Cher and the Loneliest Elephant: Trailer for documentary
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Zimbabwe will allow trophy hunters who are willing to pay up to $70,000 per elephant to shoot as many as 500 this year. The move comes in a bid to raise money after Covid caused tourism revenue to plummet.
Tinashe Farawo, a spokesman for the Zimbabwe Parks and Wildlife Management Authority, told CNN: “We eat what we kill. We have a budget of about $25 million for our operations which is raised, partly, through sports hunting, but you know tourism is as good as dead at the moment due to the coronavirus pandemic.”
Zimbabwe’s elephant population is more than 100,000 and hunters will be charged between $10,000 and $70,000 depending on the size of the elephant.
Authorities say that the intention is to raise money to sustain the national parks which the government currently cannot afford.
The program is also seen as a way of controlling the elephant population that has disturbed towns and farms surrounding national parks. Damage has included crop destruction and occasional fatalities when the elephants encounter people.
Mr Farawo continued: “The distress calls from the communities have been increasing due to human-wildlife conflict. So far 21 people have lost their lives and last year 60 people.”
The World Wildlife Fund (WWF) say African elephants have less room to roam as expanding human populations convert land for their own use.
A WWF spokesperson said: “As habitats contract and human populations expand, people and elephants are increasingly coming into contact with each other. This often leads to conflicts that elephants invariably lose.”
The program will see trophy hunters travel from the EU, US, Russia, and Mexico. Hunters will have to pay for the licence to kill an elephant and pay professional hunters to guide them. They will then have the animals treated by taxidermists and exported back to their home country.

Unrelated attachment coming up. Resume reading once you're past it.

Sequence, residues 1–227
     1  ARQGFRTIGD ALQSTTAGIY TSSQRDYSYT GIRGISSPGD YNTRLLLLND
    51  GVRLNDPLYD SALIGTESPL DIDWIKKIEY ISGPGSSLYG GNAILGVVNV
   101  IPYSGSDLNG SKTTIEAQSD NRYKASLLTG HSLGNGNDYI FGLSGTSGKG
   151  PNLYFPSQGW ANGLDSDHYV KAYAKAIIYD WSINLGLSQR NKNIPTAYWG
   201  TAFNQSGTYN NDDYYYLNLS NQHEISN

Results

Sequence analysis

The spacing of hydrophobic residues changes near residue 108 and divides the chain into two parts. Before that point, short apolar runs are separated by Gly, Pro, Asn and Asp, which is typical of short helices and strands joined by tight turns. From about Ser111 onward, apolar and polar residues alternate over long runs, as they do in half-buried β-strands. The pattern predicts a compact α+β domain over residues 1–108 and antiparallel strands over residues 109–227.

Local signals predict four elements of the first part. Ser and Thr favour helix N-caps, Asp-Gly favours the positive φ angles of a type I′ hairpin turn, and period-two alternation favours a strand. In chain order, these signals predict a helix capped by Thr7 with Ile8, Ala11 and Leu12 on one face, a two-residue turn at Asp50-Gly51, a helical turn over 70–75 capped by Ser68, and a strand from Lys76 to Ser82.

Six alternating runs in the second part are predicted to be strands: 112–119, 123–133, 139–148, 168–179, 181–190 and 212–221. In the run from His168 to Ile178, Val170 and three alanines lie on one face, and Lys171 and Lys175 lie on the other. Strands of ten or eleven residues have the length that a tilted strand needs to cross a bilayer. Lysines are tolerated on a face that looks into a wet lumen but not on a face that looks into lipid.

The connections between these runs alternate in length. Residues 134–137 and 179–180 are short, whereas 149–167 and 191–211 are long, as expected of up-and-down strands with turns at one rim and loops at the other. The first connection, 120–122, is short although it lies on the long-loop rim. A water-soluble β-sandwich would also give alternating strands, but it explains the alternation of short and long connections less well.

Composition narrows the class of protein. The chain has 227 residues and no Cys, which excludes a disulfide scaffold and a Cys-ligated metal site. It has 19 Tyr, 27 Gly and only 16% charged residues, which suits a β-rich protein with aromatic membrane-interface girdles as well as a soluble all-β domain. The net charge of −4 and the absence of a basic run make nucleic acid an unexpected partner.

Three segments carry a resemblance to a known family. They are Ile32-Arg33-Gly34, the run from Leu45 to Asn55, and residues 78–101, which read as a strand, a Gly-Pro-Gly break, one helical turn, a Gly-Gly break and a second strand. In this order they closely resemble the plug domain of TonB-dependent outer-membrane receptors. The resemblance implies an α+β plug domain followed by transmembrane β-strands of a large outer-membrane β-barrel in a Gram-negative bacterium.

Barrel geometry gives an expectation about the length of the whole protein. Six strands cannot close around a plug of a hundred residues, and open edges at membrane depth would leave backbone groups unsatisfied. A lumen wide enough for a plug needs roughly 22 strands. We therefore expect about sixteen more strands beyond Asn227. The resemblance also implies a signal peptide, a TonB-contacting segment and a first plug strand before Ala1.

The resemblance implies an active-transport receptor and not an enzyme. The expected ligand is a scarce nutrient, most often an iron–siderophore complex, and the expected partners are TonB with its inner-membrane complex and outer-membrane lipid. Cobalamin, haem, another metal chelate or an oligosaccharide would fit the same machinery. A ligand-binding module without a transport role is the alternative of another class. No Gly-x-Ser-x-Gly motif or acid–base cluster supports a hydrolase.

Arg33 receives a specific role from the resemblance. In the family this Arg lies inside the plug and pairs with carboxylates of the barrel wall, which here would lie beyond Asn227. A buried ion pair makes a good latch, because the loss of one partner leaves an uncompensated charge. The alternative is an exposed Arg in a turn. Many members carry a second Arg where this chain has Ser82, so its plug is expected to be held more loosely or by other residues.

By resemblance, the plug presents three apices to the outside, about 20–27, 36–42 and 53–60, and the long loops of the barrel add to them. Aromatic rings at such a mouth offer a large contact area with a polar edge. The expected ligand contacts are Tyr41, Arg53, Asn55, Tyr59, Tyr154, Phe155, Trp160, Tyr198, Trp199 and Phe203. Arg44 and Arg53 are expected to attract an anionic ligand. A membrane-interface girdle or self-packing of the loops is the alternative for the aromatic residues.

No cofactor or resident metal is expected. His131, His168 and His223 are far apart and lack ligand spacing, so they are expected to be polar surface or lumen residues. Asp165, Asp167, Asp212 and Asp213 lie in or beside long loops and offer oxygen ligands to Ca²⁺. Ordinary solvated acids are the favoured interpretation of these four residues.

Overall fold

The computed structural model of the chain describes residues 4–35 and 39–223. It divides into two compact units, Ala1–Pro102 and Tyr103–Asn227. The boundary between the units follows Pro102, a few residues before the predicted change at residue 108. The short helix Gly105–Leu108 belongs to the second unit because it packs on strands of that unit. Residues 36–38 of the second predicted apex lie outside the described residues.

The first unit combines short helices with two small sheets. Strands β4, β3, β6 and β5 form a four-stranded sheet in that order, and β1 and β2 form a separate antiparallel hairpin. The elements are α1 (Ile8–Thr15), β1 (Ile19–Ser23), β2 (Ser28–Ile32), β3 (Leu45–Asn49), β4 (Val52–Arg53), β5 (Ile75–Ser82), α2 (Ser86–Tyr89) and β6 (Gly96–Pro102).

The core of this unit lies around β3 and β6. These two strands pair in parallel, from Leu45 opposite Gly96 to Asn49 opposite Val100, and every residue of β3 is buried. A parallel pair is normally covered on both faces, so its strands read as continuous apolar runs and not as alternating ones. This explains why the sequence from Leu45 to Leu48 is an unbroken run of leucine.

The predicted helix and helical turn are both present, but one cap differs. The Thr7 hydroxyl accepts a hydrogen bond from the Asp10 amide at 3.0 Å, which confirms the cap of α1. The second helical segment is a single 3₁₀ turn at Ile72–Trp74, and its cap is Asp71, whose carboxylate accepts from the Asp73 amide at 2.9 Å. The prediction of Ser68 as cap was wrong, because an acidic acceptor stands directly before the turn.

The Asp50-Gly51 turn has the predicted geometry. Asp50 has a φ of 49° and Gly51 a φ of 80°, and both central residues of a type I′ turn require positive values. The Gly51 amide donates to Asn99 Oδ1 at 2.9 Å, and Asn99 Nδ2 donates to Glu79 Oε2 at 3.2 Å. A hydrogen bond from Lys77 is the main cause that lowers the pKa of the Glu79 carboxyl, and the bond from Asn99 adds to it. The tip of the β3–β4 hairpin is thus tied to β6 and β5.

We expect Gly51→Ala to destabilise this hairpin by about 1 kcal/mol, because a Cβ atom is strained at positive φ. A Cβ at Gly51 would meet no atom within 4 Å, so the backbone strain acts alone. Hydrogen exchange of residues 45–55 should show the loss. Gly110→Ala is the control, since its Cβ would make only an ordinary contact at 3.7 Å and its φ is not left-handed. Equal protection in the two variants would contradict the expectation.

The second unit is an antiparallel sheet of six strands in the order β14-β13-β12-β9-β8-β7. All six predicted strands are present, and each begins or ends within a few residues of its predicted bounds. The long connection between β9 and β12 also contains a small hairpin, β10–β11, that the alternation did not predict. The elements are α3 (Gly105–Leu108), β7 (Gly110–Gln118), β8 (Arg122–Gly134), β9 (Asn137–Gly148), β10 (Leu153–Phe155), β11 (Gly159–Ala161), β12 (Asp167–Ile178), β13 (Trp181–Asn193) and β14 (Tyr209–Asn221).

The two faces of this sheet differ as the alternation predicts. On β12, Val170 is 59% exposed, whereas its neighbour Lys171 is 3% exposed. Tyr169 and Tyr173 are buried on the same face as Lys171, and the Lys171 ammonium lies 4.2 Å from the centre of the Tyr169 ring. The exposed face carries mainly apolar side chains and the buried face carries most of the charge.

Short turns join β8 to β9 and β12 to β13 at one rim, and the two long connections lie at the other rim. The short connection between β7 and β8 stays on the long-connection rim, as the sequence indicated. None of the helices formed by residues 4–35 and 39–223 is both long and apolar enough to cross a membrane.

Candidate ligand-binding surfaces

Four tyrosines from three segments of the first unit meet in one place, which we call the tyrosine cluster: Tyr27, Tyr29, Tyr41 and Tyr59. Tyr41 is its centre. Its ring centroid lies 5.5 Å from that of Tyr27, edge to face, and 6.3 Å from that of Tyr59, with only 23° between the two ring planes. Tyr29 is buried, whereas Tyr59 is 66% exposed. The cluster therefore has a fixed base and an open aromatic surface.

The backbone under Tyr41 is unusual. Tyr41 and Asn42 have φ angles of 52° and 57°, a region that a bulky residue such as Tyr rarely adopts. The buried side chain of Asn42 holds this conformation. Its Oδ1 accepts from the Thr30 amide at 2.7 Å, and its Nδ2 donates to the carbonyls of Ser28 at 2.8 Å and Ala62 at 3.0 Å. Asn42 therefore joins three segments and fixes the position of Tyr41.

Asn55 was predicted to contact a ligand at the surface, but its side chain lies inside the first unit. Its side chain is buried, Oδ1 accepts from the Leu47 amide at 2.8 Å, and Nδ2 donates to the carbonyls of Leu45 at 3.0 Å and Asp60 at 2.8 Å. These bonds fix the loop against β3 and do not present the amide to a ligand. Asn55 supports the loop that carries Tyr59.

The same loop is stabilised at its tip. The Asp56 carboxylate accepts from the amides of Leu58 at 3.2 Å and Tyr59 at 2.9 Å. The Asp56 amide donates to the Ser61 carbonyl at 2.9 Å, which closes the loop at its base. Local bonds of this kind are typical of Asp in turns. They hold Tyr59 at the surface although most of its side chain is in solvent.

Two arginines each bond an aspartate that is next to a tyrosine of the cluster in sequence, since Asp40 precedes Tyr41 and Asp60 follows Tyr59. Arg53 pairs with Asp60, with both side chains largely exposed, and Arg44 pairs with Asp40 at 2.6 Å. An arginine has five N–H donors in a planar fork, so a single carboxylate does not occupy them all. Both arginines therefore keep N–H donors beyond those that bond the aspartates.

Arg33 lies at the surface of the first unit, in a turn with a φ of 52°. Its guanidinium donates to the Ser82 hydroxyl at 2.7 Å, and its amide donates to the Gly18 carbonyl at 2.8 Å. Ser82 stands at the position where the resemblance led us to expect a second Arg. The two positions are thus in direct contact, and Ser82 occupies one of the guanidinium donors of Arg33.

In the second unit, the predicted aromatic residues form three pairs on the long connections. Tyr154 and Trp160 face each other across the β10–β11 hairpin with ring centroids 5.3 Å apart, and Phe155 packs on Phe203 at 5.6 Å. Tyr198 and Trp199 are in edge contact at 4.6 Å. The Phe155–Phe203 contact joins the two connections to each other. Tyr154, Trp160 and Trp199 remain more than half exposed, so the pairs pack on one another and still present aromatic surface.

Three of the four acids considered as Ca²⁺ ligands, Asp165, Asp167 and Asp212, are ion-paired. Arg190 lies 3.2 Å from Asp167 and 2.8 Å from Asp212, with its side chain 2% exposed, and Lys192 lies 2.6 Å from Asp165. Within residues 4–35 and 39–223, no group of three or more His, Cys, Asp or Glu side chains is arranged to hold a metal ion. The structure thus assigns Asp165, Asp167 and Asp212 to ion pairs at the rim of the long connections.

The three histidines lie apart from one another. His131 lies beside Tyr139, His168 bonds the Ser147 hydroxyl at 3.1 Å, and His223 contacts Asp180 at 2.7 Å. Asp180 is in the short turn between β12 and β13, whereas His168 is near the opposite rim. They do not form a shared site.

Simiso Mlevu, a spokeswoman the Centre for Natural Resource Governance, a Zimbabwe environmental and human rights advocacy group, said: “We strongly condemn trophy hunting, a practice that agitates wild animals and escalates human-wild life conflicts.
“Contrary to government arguments that trophy hunting is meant to assist with conservation, the practice is motivated by greed and often the money is not even accounted for. There is a need for more innovative and eco-friendly measures to improve revenue generation from photo safaris and tourism in general.”
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The announcement comes just weeks after the African forest elephant was declared critically endangered and the African savanna elephant was declared endangered.
WWF say that Forest elephants are essential for the germination of many rainforest trees. The seeds of these trees only germinate after passing through the elephant’s digestive tract.
Savanna elephants contribute to the maintenance of the savannas and open woodlands by reducing tree densities. Without them, many other plants and animals would not survive in the woodland areas.
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